There's a certain irony, isn't there, in the fact that Minneapolis taxpayers have spent an extra $63,000, at least, in the last month to provide private security for three City Council members who had declared their intention to dismantle the Police Department and replace it with some other structure.

We don't want to be too cynical about it, though. The other way to describe the situation is that three elected officials have faced threats to their personal safety for introducing into the public discourse an idea that many of their constituents support following another in a long series of wake-up calls over police behavior, in this case the death of George Floyd.

Though (as we've stated previously) the repeal-and-replace initiative is not well thought out, and though its clarity is little improved even after a unanimous City Council vote last week to advance it, this process — proposition, debate, decision — is at the heart of the democracy whose origin Americans will be celebrating in just a few days. Ideas are meant to be ambitious and debate is meant to be vigorous, but change is not meant to be effortless. Too many people on too many points of the ideological spectrum want to kick one or more of these pillars down.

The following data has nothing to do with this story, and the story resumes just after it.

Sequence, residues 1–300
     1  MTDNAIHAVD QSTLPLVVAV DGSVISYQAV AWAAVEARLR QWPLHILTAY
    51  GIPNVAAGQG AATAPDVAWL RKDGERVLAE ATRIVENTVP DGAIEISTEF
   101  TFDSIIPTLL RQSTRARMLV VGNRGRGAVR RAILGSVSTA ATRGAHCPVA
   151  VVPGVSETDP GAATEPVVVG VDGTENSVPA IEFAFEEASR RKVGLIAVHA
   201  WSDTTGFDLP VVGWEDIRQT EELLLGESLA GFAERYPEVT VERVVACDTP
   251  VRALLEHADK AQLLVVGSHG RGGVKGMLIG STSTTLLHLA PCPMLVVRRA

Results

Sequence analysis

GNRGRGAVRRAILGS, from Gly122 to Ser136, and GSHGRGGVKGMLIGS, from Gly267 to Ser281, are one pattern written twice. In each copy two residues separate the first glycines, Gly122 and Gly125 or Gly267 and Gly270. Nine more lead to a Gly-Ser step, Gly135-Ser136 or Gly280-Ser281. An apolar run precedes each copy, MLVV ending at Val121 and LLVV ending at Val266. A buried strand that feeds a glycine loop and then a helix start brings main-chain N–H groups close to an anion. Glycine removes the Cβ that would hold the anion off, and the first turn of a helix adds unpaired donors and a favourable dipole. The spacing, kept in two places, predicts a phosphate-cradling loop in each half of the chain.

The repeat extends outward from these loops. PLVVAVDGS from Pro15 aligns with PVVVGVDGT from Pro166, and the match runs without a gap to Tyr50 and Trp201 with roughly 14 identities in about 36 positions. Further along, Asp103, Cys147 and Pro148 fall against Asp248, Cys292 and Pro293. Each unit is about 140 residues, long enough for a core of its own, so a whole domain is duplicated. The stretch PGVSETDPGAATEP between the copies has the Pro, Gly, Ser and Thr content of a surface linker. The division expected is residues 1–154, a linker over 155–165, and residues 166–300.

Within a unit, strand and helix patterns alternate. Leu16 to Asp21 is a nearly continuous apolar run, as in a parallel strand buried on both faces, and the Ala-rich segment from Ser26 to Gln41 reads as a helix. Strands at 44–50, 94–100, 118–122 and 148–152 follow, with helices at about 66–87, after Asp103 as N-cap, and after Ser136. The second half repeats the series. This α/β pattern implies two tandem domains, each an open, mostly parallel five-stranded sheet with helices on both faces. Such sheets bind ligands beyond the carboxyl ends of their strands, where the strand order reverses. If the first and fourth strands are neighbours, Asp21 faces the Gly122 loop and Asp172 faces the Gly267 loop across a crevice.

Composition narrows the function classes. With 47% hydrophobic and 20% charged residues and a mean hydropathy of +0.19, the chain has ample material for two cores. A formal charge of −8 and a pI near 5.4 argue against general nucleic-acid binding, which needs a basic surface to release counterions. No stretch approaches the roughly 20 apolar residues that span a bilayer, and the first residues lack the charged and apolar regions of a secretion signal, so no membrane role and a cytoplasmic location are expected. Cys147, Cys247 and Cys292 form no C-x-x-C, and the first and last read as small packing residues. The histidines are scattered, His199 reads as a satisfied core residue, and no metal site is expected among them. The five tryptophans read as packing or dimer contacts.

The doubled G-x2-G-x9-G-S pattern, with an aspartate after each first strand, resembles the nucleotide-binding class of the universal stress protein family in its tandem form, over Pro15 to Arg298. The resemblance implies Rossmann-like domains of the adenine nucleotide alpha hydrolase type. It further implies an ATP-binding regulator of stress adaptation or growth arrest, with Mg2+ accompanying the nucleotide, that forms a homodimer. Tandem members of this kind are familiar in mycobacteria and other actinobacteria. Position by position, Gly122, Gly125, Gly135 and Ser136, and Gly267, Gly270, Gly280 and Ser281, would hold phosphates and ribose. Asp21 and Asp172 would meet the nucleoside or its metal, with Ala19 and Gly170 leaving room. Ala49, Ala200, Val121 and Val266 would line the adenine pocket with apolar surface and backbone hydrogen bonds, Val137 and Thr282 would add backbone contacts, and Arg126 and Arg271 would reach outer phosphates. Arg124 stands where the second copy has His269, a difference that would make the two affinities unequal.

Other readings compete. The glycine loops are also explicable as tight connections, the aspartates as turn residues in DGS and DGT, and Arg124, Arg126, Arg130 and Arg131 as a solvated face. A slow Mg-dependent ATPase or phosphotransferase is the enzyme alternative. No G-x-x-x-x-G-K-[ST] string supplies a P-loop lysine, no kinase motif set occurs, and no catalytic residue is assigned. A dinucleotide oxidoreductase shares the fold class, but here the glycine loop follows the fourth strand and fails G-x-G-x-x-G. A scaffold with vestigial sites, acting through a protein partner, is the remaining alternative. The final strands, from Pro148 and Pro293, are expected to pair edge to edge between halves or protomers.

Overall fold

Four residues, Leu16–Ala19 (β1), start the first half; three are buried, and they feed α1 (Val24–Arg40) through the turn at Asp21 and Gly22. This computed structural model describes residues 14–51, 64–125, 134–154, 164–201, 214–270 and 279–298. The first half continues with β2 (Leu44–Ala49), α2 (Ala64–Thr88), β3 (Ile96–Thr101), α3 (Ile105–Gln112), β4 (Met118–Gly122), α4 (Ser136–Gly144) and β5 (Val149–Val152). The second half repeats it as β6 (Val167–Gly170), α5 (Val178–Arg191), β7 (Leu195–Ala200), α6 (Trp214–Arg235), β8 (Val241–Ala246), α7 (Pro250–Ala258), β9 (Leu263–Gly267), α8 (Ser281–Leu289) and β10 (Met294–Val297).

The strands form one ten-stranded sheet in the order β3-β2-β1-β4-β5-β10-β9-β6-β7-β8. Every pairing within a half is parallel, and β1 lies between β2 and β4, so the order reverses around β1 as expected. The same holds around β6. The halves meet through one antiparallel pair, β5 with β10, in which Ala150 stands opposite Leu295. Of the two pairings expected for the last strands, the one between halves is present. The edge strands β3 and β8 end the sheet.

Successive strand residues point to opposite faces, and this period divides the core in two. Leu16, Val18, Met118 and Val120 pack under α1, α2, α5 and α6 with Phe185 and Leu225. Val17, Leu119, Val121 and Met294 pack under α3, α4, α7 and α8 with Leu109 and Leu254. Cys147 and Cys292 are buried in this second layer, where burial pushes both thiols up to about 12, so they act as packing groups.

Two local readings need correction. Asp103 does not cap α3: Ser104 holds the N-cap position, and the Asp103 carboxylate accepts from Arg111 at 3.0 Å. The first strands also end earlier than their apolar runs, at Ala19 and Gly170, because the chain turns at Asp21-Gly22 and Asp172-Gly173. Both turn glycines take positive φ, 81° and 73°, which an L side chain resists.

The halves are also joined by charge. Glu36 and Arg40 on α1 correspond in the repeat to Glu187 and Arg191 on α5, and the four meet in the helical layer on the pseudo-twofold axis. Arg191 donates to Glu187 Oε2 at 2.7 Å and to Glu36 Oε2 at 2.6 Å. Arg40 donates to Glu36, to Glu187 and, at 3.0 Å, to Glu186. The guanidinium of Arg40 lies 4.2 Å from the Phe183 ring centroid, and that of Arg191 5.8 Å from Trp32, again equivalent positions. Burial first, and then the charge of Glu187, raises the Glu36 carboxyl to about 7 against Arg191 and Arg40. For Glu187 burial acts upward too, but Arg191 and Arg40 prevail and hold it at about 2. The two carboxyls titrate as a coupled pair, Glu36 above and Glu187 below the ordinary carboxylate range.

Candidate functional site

The private security measures for the three council members are temporary, according to a city spokeswoman, who also said the two companies providing the services have licensed, armed officers. As long as the costs don't exceed $175,000, the council doesn't need to publicly sign off, she said.

How shameful for our society that it's come to this, but the extra security must be provided. We do hope that council members fully consider the implications, though. Residents and businesses also face threats that can be mitigated by the presence of licensed, armed officers.

City Council President Lisa Bender told CNN last month that the fear of not having the police to call upon "comes from a place of privilege." We can see what she was trying to get at — that the realized benefits of the current policing structure depend upon who you are and where you live — but that word "privilege" is loaded.

A sense of safety is a basic human need, and fear in its absence is universal. The debate in Minneapolis and elsewhere should not be about taking security from some but providing it persuasively to all.